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Zhonghua Yan Ke Za Zhi. 2007 Nov;43(11):968-71.

[Clinical study on binocular vision in intermittent exotropia before and after surgery].

[Article in Chinese]

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Beijing Tongren Eye Center, Capital University of Medical Sciences, Beijing 100730, China.



To give a suggestion of the timing of surgery, the change of binocular vision before and after strabismus surgery was studied in intermittent exotropia.


One hundred and seventy-one patients, with intermittent exotropia, were divided into 2 groups, based on the age of surgery, Group 1: younger than 9 years of age. Group 2: 9 and older. Binocular vision of both distance and near was checked before and after surgery.


The rebuilding rate of near binocular vision after surgery was: 40.0% for Group 1, 63.8% for Group 2 (P = 0.002), with same onset age (< 4 years), the regain rate of Group 1 was 53.1%, Group 2 was 23.8% (P = 0.032). The distance postoperative binocular vision, using Synoptophore, were: grade I: Group 1 98.2%, Group 2 81.9% (P = 0.027), grade II: Group 1 96.4%, Group 2 84.5% (P = 0.024), grade III: Group 1 81.8%, Group 2 73.3% (P = 0.844). With logistic test, the recovery of binocular vision postoperatively is correlated with preoperative near binocular vision as well as the age of onset (P < 0.01 for both).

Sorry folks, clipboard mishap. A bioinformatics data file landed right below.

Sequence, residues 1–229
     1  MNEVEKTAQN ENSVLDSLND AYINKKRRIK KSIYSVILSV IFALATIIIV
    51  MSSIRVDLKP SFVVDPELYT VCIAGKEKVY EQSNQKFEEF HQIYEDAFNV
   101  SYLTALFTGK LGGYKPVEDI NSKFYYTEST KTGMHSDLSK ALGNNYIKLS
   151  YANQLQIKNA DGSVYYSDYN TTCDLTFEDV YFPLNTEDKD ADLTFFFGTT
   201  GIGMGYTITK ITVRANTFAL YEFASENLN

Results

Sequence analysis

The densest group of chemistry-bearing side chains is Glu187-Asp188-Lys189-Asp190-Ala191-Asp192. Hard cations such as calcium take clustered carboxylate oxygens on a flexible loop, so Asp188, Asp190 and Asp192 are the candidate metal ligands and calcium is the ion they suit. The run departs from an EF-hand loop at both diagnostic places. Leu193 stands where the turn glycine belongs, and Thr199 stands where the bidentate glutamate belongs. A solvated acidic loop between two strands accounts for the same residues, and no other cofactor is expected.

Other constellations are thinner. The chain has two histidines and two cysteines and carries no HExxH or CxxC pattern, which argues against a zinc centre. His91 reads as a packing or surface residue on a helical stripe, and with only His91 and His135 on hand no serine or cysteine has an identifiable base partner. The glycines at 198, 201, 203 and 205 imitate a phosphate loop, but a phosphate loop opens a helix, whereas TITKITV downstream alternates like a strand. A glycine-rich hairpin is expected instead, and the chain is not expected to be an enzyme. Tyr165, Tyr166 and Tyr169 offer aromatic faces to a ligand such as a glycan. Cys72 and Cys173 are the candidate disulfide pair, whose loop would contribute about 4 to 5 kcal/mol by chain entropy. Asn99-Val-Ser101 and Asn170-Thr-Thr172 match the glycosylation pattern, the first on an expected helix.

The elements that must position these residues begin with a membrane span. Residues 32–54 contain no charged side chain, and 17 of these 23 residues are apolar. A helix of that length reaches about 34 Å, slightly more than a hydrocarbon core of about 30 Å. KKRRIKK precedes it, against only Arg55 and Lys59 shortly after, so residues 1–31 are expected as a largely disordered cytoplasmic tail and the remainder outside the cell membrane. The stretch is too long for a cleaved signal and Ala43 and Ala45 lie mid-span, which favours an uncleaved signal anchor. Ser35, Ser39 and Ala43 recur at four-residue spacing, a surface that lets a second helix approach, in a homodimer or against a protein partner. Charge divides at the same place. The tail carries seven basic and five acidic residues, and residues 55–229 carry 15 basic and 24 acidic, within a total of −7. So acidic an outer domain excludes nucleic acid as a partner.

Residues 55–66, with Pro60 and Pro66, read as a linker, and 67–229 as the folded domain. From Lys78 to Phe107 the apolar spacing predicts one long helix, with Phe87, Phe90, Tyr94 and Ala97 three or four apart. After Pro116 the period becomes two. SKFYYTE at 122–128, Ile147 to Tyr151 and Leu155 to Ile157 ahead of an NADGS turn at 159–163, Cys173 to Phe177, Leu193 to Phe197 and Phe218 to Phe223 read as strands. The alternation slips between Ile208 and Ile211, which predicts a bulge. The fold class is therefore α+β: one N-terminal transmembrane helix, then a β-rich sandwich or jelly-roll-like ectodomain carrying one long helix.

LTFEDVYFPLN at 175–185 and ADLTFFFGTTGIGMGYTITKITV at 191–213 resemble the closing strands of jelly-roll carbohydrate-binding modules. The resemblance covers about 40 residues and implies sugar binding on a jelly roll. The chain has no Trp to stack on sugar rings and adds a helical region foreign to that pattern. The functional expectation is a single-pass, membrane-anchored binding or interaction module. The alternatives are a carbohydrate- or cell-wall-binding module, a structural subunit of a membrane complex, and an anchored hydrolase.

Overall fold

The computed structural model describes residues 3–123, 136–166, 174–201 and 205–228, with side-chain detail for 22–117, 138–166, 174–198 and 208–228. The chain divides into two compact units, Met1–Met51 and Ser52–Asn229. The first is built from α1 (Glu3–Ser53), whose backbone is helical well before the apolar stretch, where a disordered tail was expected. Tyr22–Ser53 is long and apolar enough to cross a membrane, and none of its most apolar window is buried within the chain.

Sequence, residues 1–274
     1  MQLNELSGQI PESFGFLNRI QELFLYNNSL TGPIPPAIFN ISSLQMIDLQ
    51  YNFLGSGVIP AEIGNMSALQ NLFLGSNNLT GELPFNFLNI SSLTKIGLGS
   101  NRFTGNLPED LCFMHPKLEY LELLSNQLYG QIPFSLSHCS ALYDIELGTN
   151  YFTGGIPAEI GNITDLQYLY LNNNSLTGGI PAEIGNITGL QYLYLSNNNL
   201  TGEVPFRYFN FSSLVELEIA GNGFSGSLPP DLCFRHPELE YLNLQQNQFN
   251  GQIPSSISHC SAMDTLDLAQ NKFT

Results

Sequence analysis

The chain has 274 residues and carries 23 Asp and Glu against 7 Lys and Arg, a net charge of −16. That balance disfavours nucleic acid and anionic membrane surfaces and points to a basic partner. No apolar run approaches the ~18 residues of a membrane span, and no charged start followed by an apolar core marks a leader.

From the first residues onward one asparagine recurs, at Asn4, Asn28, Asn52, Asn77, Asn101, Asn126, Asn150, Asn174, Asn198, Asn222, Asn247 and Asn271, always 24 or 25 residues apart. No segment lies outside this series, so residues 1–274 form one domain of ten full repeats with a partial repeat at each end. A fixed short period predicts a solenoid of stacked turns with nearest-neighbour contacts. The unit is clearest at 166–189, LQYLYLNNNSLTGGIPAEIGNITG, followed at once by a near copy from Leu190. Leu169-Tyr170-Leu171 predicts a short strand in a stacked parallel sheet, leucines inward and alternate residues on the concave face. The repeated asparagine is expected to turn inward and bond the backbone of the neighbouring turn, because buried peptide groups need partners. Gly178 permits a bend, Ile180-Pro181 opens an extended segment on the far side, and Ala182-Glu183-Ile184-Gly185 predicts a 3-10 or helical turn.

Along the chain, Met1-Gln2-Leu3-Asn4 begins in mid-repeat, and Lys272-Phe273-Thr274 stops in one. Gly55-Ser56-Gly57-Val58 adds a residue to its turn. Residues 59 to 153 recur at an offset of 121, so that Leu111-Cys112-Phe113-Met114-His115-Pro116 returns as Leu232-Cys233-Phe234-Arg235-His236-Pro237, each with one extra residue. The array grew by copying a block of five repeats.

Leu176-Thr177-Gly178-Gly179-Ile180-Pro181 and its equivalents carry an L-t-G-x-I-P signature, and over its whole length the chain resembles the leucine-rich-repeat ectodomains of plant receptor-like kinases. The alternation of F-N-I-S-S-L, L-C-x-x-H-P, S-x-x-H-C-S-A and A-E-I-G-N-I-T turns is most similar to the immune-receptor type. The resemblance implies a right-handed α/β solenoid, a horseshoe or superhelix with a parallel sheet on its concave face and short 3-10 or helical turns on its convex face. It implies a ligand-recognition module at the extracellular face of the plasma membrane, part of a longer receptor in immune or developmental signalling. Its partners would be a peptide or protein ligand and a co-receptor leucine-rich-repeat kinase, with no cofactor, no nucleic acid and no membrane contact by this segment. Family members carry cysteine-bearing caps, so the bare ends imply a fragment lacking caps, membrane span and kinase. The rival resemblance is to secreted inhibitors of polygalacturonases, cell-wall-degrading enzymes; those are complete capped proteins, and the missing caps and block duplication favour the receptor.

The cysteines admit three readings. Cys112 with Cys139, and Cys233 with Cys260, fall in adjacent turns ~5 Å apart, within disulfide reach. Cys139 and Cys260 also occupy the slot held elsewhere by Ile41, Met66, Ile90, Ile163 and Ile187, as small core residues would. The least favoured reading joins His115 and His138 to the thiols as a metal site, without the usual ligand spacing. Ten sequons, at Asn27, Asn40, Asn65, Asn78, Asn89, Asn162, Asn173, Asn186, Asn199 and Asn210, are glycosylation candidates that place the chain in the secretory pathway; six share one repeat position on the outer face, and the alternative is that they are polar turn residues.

The surgery will substantially help to rebuild the binocular vision of both distance and near. The age of onset has significant impact on both the forming and the rebuilding of binocular vision. Operation should not be delayed if onset is younger than 4 years old. Even if the age of onset is older than 4, which is past the critical period of vision development, operative correction no later than 9 is still highly suggested, which may help to rebuild a normal distance binocular vision.

[Indexed for MEDLINE]

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